After years of loss-making arable and dairy farming, restoring the Repton park around the house in 2002 showed us a way to work with the land, rather than constantly battling against it. We began to consider rolling out nature conservation across the whole Estate.
The kind of conservation we had in mind was a ‘process-led’, non-goal-orientated project where, as far as possible, nature takes the driving seat - an approach that has come to be known as ‘rewilding’. We were particularly keen to explore the ideas of grazing ecology promulgated by Dutch ecologist Dr Frans Vera, whose ground-breaking book Grazing Ecology and Forest History, was translated into English from the Dutch in 2000.
Vera identifies grazing animals as a fundamental and necessary force of natural disturbance. Previously, the impact of herbivores on the landscape of temperate zone Europe has been largely overlooked. Vera argues that we have forgotten about the huge numbers of megafauna – many of the species now extinct – that would have played a hugely influential part in our ecology.
Before human impact, animals like wisent (European bison), elk (known in America as moose), tarpan (the original wild horse), aurochs (the original wild ox), European beaver and the omnivorous wild boar, together with red deer and roe deer, Vera argues, would have been present in Europe in huge numbers – similar to the numbers we see in Africa today.
Their different grazing techniques and methods of physical disturbance – from trampling and puddling to rootling, rubbing, snapping branches and de-barking trees – together with their ability to transfer nutrients and disperse seeds over wide areas, would have stimulated a complex mosaic of habitats. Temperate zone Europe, Vera maintains, would have been characterised not by ubiquitous species-poor closed canopy forest – as is commonly thought – but by a more open form of wood-pasture driven by grazing animals. Europe would, for the most part, have been a dynamic, shifting landscape of open-grown trees, emerging scrub, grazing lawns, groves and thorny thickets.
The battle between these two opposing forces of nature – animal disturbance and vegetation succession – generates habitat complexity and biodiversity. Reintroducing some of these animals to the landscape – using domestic descendants as proxies for some of the extinct species – can have a hugely positive impact on nature, as Frans Vera and his colleagues have demonstrated in the pioneering Oostvaardersplassen project in Holland. In nearby Kransvlaak, too, the introduction of a few of bison and Konik ponies into a small nature reserve has proved an extraordinary stimulus for biodiversity.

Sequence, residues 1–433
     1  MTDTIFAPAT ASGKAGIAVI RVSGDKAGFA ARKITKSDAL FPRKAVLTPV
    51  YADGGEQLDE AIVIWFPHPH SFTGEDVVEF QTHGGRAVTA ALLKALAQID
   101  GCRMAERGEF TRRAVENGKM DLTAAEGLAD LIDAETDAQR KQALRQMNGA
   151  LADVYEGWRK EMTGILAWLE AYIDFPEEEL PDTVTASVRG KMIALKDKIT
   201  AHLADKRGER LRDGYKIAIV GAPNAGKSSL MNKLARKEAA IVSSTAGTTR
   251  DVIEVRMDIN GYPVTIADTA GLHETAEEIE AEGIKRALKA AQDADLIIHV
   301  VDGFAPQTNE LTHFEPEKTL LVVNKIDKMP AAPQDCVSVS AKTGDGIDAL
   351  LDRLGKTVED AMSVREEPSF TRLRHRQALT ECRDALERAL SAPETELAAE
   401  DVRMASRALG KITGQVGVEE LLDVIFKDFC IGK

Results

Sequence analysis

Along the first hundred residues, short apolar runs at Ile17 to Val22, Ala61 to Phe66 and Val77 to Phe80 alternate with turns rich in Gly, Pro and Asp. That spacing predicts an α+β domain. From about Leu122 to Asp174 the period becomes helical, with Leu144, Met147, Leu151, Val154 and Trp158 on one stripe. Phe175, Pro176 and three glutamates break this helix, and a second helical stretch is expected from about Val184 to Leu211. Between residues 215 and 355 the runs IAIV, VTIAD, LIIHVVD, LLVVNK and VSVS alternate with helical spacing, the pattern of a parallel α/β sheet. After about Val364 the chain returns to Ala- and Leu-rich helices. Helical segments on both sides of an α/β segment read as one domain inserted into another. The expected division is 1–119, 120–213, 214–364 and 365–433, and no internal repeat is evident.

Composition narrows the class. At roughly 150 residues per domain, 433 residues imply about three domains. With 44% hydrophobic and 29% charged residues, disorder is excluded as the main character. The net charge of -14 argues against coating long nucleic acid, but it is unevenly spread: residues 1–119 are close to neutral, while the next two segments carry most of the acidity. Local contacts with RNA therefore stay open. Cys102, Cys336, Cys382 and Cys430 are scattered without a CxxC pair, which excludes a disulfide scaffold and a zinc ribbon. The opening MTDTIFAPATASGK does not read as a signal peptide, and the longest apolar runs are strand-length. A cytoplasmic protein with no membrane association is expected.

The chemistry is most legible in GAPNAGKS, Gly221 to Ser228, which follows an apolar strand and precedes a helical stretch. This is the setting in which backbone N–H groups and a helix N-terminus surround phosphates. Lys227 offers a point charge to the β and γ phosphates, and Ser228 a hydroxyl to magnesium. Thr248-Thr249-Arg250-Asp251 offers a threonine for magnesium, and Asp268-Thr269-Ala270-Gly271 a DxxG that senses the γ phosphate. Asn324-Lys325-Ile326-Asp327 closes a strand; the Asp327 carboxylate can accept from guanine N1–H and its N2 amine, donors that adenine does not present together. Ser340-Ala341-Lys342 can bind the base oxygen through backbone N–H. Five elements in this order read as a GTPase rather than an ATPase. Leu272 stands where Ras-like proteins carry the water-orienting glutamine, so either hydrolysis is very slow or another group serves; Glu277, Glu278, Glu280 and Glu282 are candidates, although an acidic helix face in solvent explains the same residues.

Natural predators such as bears, lynx, wolves and wolverine would obviously have played a huge role in the pre-human eco-system, too. The possibilities for reintroducing these species into our densely populated modern landscapes, however, are limited. But the Oostvaardersplassen and other projects like it have shown that, even without predators, introducing a mix of free-roaming herbivores into an area can produce remarkable results. As Frans Vera says, “the intention is not to try to recreate the past. That will always impossible. Our world is irrevocably changed. But we can try and create something interesting and valuable with nature, using the components that are left to us.”
Intrigued, we felt it would be exciting to see what happened if grazing animals were released into the areas of the estate beyond the Repton park – the 2,500 acres of former arable land that had, thanks to the decoupling of farm payments, been taken out of intensive agriculture and were now lying fallow.
In December 2002, Charlie launched our vision for rewilding Knepp by sending a Letter of Intent to Natural England, the government’s advisory body for the environment, setting out his plans to establish ‘A Biodiverse Wilderness Area in the Low Weald of Sussex’.
Norton-Griffiths, M., and Sinclair, A.R.E., Serengeti: Dynamics of an Ecosystem. (University of Chicago Press, 1979)
Vera, F.W.M. Grazing Ecology and Forest History (CABI Publishing, 2000)
Vera, F.W.M., ‘The dynamic European forest’. Arboricultural Journal, Vol 26, pp.179-211. 2002.
Vera, F.W.M, Bakker, E. & Olff, H. ‘The influence of large herbivores on tree recruitment and forest dynamics’. In: Danell, K., Duncan, P., et al (eds) Large Herbivore Ecology, Ecosystem Dynamics and Conservation, pp.203-231 (Cambridge University Press, 2006.)
Vera, F.W.M. ‘Can’t see the trees for the forest’. In: D. Rotherham (ed). Trees, Forested Landscapes and Grazing Animals – a European perspective on woodlands and grazed treescapes.’ (Routledge, ch. 6, p.99-126. 2013)
Vera, F.W.M. ‘Large-scale nature development - the Oostvaardersplassen’. British Wildlife 29, June 2009.
Vera, F.W.M. ‘The shifting baseline syndrome in restoration ecology.’ In: Restoration and History – the search for a usable environmental past, ed. Hall, M., pp 98-110 (Routledge Studies in Modern History, 2010)
Vera, F.W.M., Bakker, E., & Olff, H. ‘Large herbivores: missing partners of western European light-demanding tree and shrub species?’ In: Large Herbivore Ecology, Ecosystem Dynamics and Conservation, ed. K. Danell, P. Duncan, R. Bergstrom & J. Pastor. (Cambridge University Press, 2006)
Letter of Intent to Natural England from Sir Charles Burrell, Bt., December 2002.
Time-line for Rewilding Knepp